FOX UNDERCOVER - The first two witnesses in the Whitey Bulger trial are veteran Mass. State Police investigators who saw first-hand how corrupt law enforcement protected Bulger for decades.
Retired State Police Det. Lt. Bob Long, the first witness called by prosecutors, was part of a team that put together a case in 1980 that could have brought down the leadership of organized crime in Boston. They were set up in a flophouse across the street from the Lancaster Street Garage, the secret headquarters of the Bulger gang, and watched as Bulger and Stephen "The Rifleman" Flemmi met with a who's who of mobsters.
"We saw money exchange hands. We saw people coming in being threatened. We knew if we could start monitoring their conversations that we were going to have an opportunity not just to take down the Winter Hill gang, not just to take down the Italian Mafia, we were going to get them all together," he told FOX Undercover in 2009.
"Finding that place, did you think you'd hit the jackpot?" asked investigative reporter Mike Beaudet.
"Absolutely," Long replied. "Solid gold."
But the investigation was compromised after state police planted a bug in the garage.
"Right after that happened, they showed up for a day or two and just did nonsense talk in there about what a great job the state police do out on the Turnpike and that type of thing. Then they stopped showing up," Long recalled.
"Looking back now, who do you think compromised that investigation?" Beaudet asked.
"It appears the information initially came from an individual on our job by the name of Richard Schneiderhan," Long replied.
Schneiderhan went on trial in 2003 for obstruction of justice charges, and was ultimately convicted. Mob turncoat Kevin Weeks testified, according to court records, that "Jim Bulger basically said that (Schneiderhan) had saved our ass a hundred times."
FOX Undercover caught up with Schneiderhan on the South Shore back in 2009.
"Kevin Weeks says you tipped off Whitey Bulger and his associates repeatedly," Beaudet asked him then.
"Not true. Not true," Schneiderhan replied.
"Just trying to get your side of the story, sir," Beaudet said.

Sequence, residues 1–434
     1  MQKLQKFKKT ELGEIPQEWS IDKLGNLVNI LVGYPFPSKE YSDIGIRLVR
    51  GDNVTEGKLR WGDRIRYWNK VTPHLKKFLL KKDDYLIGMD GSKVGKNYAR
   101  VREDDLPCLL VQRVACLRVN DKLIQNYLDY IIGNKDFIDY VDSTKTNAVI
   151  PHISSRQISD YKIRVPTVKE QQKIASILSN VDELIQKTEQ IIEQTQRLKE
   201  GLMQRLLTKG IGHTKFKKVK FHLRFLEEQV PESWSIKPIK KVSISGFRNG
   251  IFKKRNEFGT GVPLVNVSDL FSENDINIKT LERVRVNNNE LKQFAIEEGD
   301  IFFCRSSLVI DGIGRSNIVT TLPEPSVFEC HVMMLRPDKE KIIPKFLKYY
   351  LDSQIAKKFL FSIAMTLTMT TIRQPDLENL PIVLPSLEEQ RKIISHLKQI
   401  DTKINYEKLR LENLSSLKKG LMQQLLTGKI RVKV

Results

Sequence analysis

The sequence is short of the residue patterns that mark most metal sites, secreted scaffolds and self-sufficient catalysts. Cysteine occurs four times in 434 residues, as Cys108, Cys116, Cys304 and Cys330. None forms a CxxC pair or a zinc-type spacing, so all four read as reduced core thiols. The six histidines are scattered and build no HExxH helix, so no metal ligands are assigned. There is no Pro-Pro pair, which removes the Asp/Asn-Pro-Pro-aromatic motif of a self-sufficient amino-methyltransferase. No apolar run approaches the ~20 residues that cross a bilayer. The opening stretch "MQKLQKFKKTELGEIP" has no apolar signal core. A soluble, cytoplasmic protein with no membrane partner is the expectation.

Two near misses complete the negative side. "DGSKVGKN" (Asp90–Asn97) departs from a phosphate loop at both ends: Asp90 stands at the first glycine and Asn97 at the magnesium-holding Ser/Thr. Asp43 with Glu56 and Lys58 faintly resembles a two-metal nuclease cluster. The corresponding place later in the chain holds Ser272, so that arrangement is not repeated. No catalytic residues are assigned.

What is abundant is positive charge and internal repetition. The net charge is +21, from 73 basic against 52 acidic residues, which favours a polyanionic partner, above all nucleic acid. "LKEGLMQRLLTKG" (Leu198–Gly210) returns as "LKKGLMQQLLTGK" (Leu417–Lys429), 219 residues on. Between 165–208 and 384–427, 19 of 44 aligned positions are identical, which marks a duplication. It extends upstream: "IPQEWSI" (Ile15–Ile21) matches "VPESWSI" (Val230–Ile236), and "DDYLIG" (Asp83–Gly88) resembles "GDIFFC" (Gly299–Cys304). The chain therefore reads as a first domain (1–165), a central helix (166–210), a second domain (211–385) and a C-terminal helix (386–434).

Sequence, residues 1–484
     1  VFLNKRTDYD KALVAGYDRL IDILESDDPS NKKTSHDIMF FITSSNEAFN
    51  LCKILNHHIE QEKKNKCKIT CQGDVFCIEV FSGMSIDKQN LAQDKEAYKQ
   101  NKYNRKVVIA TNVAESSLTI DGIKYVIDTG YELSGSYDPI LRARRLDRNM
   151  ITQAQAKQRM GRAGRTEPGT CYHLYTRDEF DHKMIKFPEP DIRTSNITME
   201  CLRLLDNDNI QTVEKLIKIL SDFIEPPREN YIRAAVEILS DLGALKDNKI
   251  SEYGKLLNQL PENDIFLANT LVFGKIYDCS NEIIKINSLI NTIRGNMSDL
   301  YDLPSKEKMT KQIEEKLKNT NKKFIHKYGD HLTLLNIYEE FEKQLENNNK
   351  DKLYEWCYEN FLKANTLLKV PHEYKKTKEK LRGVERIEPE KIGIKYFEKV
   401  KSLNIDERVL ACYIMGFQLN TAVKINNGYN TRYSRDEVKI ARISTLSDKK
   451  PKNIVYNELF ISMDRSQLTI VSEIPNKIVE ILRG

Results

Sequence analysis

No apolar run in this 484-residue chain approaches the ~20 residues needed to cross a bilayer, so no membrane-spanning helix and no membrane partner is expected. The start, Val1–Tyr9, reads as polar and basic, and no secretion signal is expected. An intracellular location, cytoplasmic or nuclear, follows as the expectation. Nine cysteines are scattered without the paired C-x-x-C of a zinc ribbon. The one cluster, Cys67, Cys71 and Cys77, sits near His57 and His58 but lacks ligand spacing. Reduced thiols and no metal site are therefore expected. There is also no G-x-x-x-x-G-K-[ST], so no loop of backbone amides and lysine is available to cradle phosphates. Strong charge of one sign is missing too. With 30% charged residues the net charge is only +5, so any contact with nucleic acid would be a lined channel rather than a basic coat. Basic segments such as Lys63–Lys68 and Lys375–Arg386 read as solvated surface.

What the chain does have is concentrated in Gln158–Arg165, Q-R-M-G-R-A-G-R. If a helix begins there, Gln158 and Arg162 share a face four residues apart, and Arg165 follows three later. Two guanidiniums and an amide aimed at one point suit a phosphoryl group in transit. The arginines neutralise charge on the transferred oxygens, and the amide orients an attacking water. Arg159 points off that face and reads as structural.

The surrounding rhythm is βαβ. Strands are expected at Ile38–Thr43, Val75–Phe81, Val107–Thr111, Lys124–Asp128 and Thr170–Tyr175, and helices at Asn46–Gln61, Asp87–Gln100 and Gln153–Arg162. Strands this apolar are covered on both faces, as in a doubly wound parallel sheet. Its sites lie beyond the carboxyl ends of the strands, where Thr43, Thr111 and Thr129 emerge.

"You don't have it," Schneiderhan replied.
"Well, we'd like to get it," Beaudet said.
"Oh, I can imagine you would," Schneiderhan said.
The government's next witness against Bulger was retired State Police Colonel Tom Foley, who had his own investigative efforts stymied.
In a 2006 interview, he recounted the difficulty he had pursuing the case.
"We knew something was wrong. We weren't getting much cooperation from the FBI and even people within the U.S. Attorney's Office fought that indictment. We had to pressure them to do it.
We were targeting two informants of theirs. And I think some people in the FBI didn't realize how deep maybe John Connolly was involved in this thing and some of the other agents," Foley said.
But Foley was able to finally break the case, flipping Bulger cohorts Kevin Weeks and John Martorano. Weeks led investigators to the death pits, where the bodies of alleged Bulger victims were found, and to their weapons, which state police showed FOX Undercover in 2006.
"It's an arsenal. It's grease guns, it's machine guns, it's handguns with silencers. They were ready for anything. And being in law enforcement at that time for 20 years, over 20 years, it's something I had never seen before," Foley said. "They were ready to go to war if they had to."
Not surprisingly, the two sides in the Bulger trial have a different take on why Bulger was able to operate for so long without prosecution.
Bulger's defense attributes it to widespread law enforcement corruption. Prosecutors acknowledge corruption existed, but their questions to Foley also suggest the FBI had another motive: wanting to keep secret, the identity of their top echelon informants.